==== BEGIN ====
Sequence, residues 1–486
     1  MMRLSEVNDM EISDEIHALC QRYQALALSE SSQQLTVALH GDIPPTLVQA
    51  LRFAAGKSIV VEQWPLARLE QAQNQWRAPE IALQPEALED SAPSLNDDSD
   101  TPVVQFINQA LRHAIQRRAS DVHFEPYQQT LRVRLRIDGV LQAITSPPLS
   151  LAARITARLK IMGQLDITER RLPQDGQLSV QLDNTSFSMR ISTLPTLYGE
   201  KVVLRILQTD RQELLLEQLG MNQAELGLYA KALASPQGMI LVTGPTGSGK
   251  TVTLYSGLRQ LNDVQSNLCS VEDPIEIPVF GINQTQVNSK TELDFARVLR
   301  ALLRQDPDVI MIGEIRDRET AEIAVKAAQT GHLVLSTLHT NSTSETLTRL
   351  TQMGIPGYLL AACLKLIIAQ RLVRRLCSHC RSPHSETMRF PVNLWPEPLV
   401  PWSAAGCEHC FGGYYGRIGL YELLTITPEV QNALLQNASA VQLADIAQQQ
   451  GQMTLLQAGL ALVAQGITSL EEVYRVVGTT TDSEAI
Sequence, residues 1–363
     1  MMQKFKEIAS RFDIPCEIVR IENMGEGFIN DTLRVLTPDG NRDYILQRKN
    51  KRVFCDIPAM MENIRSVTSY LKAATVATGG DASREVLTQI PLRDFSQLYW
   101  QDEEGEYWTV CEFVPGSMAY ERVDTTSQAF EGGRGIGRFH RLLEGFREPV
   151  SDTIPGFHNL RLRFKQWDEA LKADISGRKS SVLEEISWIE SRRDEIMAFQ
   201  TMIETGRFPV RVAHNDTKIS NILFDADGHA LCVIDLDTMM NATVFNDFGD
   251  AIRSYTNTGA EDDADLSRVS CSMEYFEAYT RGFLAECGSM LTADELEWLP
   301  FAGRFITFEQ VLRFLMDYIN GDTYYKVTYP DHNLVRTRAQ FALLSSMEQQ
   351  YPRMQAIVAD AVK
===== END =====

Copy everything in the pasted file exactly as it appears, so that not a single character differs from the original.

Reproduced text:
Sequence, residues 1–486
     1  MMRLSEVNDM EISDEIHALC QRYQALALSE SSQQLTVALH GDIPPTLVQA
    51  LRFAAGKSIV VEQWPLARLE QAQNQWRAPE IALQPEALED SAPSLNDDSD
   101  TPVVQFINQA LRHAIQRRAS DVHFEPYQQT LRVRLRIDGV LQAITSPPLS
   151  LAARITARLK IMGQLDITER RLPQDGQLSV QLDNTSFSMR ISTLPTLYGE
   201  KVVLRILQTD RQELLLEQLG MNQAELGLYA KALASPQGMI LVTGPTGSGK
   251  TVTLYSGLRQ LNDVQSNLCS VEDPIEIPVF GINQTQVNSK TELDFARVLR
   301  ALLRQDPDVI MIGEIRDRET AEIAVKAAQT GHLVLSTLHT NSTSETLTRL
   351  TQMGIPGYLL AACLKLIIAQ RLVRRLCSHC RSPHSETMRF PVNLWPEPLV
   401  PWSAAGCEHC FGGYYGRIGL YELLTITPEV QNALLQNASA VQLADIAQQQ
   451  GQMTLLQAGL ALVAQGITSL EEVYRVVGTT TDSEAI
Sequence, residues 1–363
     1  MMQKFKEIAS RFDIPCEIVR IENMGEGFIN DTLRVLTPDG NRDYILQRKN
    51  KRVFCDIPAM MENIRSVTSY LKAATVATGG DASREVLTQI PLRDFSQLYW
   101  QDEEGEYWTV CEFVPGSMAY ERVDTTSQAF EGGRGIGRFH RLLEGFREPV
   151  SDTIPGFHNL RLRFKQWDEA LKADISGRKS SVLEEISWIE SRRDEIMAFQ
   201  TMIETGRFPV RVAHNDTKIS NILFDADGHA LCVIDLDTMM NATVFNDFGD
   251  AIRSYTNTGA EDDADLSRVS CSMEYFEAYT RGFLAECGSM LTADELEWLP
   301  FAGRFITFEQ VLRFLMDYIN GDTYYKVTYP DHNLVRTRAQ FALLSSMEQQ
   351  YPRMQAIVAD AVK